There’s really no excuse for bad language…
Being able to speak in speak in a foreign tongue is something that probably appears on a lot of peoples’ bucket lists. And despite some popular misconceptions it’s never too late to learn – no matter what your current experience level is, or how busy your schedule might be.
We’ve already covered some benefits of being bilingual, but here are a few of our top tips on how to learn a new language (flashcards on standby).
Set yourself a target
Let’s be honest – you aren’t going to become fluent in a foreign language overnight.
But instead of simply focussing on the end goal, setting yourself realistic (and measurable) targets will help you stay motivated. Not to mention keep track of your progress.
Ask yourself what you actually want to achieve – and when you want to achieve it by.
Do you want to be able to read a book in your new language? Or just have a conversation with a native speaker? Do you want to immerse yourself on an upcoming trip? Or do you just want to understand what the hell Despacito actually means?
You don’t need to know every word in the dictionary. But having some clear, measurable goals – with realistic timeframes attached – will definitely help you focus.
Use the right resources
There aren’t any fool proof ways to learn a language. It’s what works best for you.
Some people find that they need to have a set syllabus to stick to, or work better learning alongside other people. But taking a structured language course isn’t for everyone.
Luckily, there are a wide range of resources out there you can try, which will help you find out the best way for you to learn. Apps such as Duolingo and Babbel are great places to start, and allow you to study on-the-go – at a time that suits your schedule.
And it isn’t just apps. Listen to a podcast. Go old school and grab some text books. Switch the language on your social media, and see how long you can last. Do whatever it takes.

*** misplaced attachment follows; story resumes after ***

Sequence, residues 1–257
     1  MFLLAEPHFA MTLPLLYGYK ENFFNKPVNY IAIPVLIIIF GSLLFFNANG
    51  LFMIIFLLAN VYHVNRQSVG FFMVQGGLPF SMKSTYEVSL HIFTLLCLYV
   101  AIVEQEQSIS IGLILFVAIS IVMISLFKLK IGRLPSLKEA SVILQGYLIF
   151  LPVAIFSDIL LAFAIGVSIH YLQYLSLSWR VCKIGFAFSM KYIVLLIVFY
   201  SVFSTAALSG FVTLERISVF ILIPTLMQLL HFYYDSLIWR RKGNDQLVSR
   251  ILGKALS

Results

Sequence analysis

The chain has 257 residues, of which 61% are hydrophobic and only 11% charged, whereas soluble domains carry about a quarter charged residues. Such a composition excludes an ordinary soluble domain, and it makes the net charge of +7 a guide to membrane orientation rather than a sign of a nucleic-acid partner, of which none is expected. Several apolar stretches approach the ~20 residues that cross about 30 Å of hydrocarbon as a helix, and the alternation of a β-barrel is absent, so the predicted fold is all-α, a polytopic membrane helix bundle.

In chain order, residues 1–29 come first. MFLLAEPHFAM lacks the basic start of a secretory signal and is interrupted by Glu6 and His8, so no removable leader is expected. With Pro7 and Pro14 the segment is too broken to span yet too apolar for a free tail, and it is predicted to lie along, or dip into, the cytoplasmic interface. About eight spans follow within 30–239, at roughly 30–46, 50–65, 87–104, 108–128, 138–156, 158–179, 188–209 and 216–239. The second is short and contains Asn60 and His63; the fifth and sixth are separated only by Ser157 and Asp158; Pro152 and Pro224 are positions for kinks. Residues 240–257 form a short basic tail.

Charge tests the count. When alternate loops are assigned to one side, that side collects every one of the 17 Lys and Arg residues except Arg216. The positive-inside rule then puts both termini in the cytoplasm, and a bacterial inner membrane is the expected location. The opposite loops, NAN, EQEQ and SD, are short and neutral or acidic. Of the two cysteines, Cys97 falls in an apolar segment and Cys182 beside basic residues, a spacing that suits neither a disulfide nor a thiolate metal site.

Because a ‘gusta’ looks the same in any language…
One of the easiest ways to learn a new language is to not give yourself any other option.
For some people, that could mean experiencing the culture first hand. But even if you can’t afford to take time off to travel, there are plenty of other ways to make your new language a part of your everyday life.
Examples could include everything from reading foreign magazines or news sites, binge watching your favourite films or TV shows with the subtitles on, or listening to music from your country of choice.
Still not sure? Another genius lifehack used by multilinguals is labelling everything you possibly can in the language you’re looking to pick up.
Just make sure you tell your family before you get started.
Don’t be self-conscious
Newsflash: you’re going to screw up. And, you know what? That’s OK.
In fact, making mistakes is actually how you learn. It’s just that as you get older, you become much more easily embarrassed about saying and doing the wrong things.
To combat your self-conscious, take any new opportunity to practice your skills. Whether it’s trying sentences out in front of (patient) family and friends, or even just practicing your pronunciation out on your own.
Or why not go one step further, and actually talk to native speakers directly? There are plenty of online forums which will help you connect, and you’re much more likely to pick up on any bad habits if you have someone else their helping. You could even try local businesses to test out your skills.
N.B. No, Nando’s does not count as a local business.
Stick at it
Finally, never underestimate the importance of perseverance.
It can take a whole lifetime for people to master their own mother tongue, let alone branching out to learn a new one. And even the most dedicated students can find it difficult to cram a brand new vocabulary into their brain.
So don’t be tempted to put yourself under too much pressure, or even get angry at yourself for your imperfections.
Above all else, learning a new language is supposed to be fun. And it actually can be too – just as long as you open yourself up to it and don’t take yourself too seriously. If you enjoy it, you’re much more likely to remain motivated and actually want to learn.
So play stupid games. Read comic books. Learn all the rude words. And be patient.
Remember: Rome wasn’t built in a day (insert Italian translation here).
Honourable mentions: Mnemonics, intervals, spaced repetition software, volunteering abroad, speaking louder and slower
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